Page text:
Keeping Your Hands in Your Lap

September 13th, 2010

Embarrassing Cultural Mistakes

Last night I was out with the girls to say goodbye to two who were heading off to China to teach English at a university.  This is their third year to do so, so there were stories being told about embarrassing past mistakes made while living or traveling in a different culture.  Anyone who has traveled much at all certainly has some stories to tell about this painful experience.

Also present were two Irish friends, plus several others, including me, who travel frequently and to far flung places.

Watch Your Mouth

Well, we got to talking about the meaning(s) of various hand gestures around the world.  Now I knew a few, both from personal directed usage, as well as from some unintentional mistakes.  But the variety of insults that can be conveyed quite unintentionally really surprised me.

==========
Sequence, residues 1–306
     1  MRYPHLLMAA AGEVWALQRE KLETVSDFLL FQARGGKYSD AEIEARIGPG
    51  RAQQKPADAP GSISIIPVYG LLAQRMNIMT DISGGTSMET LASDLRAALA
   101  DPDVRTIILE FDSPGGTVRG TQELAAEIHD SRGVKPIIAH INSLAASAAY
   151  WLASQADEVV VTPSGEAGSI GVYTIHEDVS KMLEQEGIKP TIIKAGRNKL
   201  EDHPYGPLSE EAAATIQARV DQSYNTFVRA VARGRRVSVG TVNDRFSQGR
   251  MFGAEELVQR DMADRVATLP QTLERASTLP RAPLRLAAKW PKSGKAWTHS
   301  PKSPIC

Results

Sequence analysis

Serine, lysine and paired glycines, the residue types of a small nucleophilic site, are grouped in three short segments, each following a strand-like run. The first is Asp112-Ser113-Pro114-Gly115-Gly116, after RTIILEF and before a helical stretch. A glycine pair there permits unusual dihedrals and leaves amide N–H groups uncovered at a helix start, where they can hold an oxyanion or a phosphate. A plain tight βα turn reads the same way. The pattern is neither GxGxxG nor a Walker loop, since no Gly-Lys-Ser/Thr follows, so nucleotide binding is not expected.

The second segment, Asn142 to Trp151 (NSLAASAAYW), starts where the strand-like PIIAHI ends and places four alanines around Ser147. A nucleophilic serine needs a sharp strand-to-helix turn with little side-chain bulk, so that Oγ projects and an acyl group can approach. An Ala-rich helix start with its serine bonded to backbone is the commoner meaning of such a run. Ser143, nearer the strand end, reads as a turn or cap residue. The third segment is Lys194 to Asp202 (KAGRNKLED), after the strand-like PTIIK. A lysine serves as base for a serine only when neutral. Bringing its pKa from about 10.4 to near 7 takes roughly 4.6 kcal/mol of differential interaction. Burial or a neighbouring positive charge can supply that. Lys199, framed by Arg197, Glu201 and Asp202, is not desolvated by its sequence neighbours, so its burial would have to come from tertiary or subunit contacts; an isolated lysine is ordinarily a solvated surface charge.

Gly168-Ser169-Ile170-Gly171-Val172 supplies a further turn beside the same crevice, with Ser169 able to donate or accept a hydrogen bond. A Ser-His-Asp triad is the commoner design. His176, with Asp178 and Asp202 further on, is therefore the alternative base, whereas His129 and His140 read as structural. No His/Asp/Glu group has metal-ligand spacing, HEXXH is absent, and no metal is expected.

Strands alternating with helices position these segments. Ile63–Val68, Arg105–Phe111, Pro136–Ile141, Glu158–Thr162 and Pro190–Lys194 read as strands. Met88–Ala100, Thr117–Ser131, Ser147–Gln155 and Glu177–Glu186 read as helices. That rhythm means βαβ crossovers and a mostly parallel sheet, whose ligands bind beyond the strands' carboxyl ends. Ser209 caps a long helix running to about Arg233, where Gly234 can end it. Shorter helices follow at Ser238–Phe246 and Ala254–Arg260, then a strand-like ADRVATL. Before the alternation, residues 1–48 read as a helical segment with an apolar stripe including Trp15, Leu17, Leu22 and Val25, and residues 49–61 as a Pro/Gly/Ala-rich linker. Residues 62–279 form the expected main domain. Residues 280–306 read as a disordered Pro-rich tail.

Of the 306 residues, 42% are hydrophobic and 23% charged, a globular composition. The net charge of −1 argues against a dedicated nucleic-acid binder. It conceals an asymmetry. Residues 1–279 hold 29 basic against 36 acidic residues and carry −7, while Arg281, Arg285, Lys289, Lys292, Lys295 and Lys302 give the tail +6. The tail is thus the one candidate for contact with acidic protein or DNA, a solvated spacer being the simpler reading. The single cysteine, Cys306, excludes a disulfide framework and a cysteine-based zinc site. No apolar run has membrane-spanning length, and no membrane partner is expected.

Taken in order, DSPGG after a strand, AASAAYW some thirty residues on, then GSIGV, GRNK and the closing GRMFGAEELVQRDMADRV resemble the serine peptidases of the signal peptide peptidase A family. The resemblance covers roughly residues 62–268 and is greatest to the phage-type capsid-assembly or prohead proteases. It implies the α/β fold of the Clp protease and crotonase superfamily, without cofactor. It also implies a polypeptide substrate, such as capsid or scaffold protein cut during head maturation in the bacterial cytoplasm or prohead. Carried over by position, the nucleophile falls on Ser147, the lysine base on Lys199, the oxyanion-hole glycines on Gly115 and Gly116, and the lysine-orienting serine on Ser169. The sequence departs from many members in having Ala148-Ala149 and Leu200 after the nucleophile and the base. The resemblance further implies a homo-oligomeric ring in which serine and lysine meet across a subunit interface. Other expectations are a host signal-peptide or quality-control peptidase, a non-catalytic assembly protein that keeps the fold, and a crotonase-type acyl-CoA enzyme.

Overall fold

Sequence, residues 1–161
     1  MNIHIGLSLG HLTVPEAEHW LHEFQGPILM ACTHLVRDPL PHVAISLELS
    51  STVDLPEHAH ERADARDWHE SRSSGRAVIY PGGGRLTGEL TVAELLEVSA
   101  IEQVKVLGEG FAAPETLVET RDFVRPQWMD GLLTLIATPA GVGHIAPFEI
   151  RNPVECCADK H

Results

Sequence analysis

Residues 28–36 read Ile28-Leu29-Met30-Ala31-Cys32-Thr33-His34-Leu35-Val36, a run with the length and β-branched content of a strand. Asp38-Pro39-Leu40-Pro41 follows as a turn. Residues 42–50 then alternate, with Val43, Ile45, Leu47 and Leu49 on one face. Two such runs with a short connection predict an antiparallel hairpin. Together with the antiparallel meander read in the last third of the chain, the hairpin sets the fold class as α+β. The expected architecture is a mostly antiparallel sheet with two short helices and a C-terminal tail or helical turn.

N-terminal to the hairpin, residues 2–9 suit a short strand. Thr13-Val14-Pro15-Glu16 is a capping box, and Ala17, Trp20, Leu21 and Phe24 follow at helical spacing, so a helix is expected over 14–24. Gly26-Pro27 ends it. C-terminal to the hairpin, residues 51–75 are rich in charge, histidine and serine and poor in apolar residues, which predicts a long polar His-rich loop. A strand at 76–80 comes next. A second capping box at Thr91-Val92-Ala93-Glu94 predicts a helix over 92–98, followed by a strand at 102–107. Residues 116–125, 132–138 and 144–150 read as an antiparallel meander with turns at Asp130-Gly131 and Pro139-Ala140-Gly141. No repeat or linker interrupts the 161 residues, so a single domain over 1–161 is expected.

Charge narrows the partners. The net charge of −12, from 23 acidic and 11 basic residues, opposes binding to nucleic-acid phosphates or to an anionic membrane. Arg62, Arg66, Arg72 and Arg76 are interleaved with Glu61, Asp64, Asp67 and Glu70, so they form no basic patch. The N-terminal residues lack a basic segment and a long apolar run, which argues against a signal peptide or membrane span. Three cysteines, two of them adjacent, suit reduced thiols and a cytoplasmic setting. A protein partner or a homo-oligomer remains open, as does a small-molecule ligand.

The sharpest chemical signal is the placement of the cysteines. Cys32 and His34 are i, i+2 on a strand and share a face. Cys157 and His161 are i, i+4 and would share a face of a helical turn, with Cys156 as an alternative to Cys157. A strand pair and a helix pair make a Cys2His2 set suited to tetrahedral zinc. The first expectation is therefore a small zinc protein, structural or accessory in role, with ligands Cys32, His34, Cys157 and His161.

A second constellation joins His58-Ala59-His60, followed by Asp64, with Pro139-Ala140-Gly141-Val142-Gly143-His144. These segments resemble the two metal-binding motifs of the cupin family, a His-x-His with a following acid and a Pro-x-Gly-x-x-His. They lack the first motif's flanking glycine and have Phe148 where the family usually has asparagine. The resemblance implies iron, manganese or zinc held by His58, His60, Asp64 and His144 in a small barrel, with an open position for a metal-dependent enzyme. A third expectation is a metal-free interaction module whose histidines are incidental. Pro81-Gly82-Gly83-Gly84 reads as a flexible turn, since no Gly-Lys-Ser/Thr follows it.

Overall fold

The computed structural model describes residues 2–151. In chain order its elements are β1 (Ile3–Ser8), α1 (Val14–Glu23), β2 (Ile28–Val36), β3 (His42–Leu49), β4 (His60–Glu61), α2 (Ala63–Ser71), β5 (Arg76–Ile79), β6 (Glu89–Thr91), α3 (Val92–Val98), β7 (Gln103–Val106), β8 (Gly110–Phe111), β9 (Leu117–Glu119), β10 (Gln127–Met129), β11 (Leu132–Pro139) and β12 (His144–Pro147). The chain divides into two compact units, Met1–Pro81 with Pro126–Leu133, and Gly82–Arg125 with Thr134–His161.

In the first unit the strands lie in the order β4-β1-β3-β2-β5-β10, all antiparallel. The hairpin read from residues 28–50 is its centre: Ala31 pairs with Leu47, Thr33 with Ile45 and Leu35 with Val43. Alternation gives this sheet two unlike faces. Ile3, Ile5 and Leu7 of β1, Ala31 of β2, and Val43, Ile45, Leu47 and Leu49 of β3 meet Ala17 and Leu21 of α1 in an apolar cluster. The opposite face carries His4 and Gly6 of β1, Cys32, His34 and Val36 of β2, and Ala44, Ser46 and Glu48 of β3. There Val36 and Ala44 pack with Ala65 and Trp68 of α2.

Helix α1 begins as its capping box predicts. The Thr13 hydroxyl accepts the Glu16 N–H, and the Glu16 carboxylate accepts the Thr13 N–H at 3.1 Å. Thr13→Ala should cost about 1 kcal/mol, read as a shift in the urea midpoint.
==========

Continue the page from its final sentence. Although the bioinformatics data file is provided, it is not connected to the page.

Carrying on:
The Irish girls demonstrated quite a few that were very, very bad, but that I could have easily have made without knowing it.  You know, I really try to “watch my mouth,” as my mother would say (really, quite ineffectively, I might add), but I’m thinking I had really better keep my hands under control as well.  Who knows what kind of trouble I could get into?

Watch Your Hands

I was thinking I should keep my hands in my lap to be safe, but then I remembered what happened to my daughter, Eve, when she was an exchange student in Chile.

Here in the United States it is good manners to keep your free hand in your lap while eating.  But Eve was chastised one evening after she first arrived:  “Eve, you need to keep both hands on the table at a meal.  Who knows what you are doing with that hand in your lap (wink, wink)?

We must all be careful with our mouths and our hands when we travel, but we don’t have a clue how to do that.

Maybe I’d better keep my mouth shut and sit on my hands, just to be safe.

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